Operational benchmarks that unmask the financial performances.
The strong financial performance of an air carrier requires not only a solid brand proposition, but sound operational strategies, that evolve in a continuous dynamic environment. Although the list could be exhaustive, operating characteristics include high operating margin routes, strong network on routes serviced, value for money and low overhead cost.
Low-Cost Carriers (LCCs), are immensely successful on short haul trips and account only for 6% of the traffic on long haul trips. LCCs like Air Asia, Southwest and Ryan Air have cemented their operational viability by offering low-cost alternatives to premium carriers.
The quick turnaround time and functionality on the shorter routes are few of the USPs of LCCs. This, in turn, lowers the servicing and refuelling time and allow the LCCs a minimal overhead cost and reduced operating and lease expenses. Additionally, LCCs enjoy a low maintenance and training costs. This is a direct result of employing a young and homogeneous fleet from operating bases located in smaller/cheaper airport towns. These bases and hangar facilities allow a greater degree of flexibility without the impending penalties levied by the bigger airports. Further, the LCCs benefit from low fuel cost and improved mileage as compared to their counterparts in the premium airline segment.
For example, a highly favourite LCC aircraft such as the Airbus A320 consumes c. 274 gallons per hour and at an average capacity consumes c. 1.5 gallons per seat, per hour vis-a-vis a legacy preferred aircraft such as the A330, which consumes c. 582 gallons per hour and at an average capacity consumes c. 2.4 gallons per seat per hour, or approximately 60% higher than the LCCs.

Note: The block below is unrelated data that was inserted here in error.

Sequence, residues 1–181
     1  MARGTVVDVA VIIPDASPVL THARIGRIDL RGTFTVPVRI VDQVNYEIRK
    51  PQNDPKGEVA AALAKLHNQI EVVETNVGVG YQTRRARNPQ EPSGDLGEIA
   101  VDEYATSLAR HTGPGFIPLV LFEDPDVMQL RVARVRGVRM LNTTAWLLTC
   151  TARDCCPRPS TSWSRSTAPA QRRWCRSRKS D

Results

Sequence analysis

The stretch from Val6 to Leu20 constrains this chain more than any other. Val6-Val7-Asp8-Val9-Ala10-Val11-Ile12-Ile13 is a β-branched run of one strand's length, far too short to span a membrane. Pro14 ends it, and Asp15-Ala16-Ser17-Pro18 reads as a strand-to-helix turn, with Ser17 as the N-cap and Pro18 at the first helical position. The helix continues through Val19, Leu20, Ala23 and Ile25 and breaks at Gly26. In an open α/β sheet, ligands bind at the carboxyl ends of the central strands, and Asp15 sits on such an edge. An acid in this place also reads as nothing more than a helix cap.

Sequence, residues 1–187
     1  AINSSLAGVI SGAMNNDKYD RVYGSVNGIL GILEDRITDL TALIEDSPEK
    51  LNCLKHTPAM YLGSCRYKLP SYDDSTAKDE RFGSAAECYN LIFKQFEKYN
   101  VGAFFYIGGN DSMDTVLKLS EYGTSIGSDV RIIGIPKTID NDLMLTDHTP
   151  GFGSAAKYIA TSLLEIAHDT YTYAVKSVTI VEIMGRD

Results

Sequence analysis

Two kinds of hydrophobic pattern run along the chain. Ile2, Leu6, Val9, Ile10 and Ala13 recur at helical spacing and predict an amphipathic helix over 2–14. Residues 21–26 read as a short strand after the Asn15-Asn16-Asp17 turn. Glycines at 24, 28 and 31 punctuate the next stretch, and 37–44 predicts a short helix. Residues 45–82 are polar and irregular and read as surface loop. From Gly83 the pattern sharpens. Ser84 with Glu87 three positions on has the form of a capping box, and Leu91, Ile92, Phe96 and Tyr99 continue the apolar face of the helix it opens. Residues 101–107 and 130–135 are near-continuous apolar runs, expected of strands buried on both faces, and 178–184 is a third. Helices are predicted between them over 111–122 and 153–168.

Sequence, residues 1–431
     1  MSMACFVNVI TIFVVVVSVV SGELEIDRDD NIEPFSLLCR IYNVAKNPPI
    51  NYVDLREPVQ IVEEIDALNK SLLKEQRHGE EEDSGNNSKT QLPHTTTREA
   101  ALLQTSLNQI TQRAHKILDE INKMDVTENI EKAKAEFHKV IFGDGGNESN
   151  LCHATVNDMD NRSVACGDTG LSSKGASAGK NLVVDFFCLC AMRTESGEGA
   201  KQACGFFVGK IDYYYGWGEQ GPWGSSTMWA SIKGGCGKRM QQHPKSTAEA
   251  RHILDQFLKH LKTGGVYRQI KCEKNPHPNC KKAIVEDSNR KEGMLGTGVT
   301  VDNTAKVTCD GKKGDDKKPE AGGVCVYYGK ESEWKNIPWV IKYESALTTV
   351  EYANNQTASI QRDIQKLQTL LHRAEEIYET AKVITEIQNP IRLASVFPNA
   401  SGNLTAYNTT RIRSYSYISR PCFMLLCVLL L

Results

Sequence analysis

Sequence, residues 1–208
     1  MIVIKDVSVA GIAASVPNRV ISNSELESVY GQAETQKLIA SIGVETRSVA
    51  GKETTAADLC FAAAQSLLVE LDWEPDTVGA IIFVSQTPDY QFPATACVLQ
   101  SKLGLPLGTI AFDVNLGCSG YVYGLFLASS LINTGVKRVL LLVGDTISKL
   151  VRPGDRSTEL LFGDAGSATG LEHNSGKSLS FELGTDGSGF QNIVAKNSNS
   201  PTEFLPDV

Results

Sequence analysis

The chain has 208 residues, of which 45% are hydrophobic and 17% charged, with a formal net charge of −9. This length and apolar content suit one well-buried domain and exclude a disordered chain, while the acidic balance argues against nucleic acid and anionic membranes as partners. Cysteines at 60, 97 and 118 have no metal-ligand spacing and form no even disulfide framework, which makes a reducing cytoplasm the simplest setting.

The fuel consumption goes down further if the comparison is based on smaller capacity aircraft like Ebraer or Sukhoi Jet. Moreover, selling and distribution costs are relatively low for an LCC as they generally tend to offer tickets via online platforms. Thus removing the expenses associated with commissions to sales agents and third party vendors. Furthermore, LCCs have now started forming code-share partnerships, which apart from providing access to non-serviced routes also double up as a major marketing tool.
To compete with LCC's, legacy carriers (Aeroflot, Air Canada and Delta Airlines) applied few customized strategies, and reduced operating costs and increased their revenues, through the following:
In addition, premium carriers have over the last decade formed global or regional alliances (Star Alliance, One world, SkyTeam) which has helped them boost capacity utilization, increase RASM (Revenue Per Available Seat Mile) and PRSM (Passenger Revenue Per Seat Mile), as well as reduce costs attributed to higher purchasing power resulting in strong profits.
In conclusion, it can be stated that although long haul flights are here to stay, their cost reduction strategies would result in cost savings being transferred to the customer or they would aim to streamline their business in order to reduce overheads and cut direct operating costs. LCCs on the other hand, generally serve the customer in accordance with what is paid for the services. Case in point, while the legacy carriers will survive, it is the LCC's that have a chance at thriving.
- Aeroflot and Delta Airlines between the year 2000 to 2010 routed a majority of their connecting/transiting flights via their company operated hubs/facilities, to reduce operating and leasing costs.
- Cathay Pacific operated cargo services, offsetting the negative impact caused by a downturn in the passenger market, which helped contribute c. 24% towards the company's revenue in 2015.
- Premium carriers like Virgin Atlantic, Lufthansa, Singapore Airlines and American Airlines started offering 'Premium Economy'. This strategic move enabled the airlines to tap into a market that was previously travelling via coaches' despite being financially adept to pay a little extra for more comfort.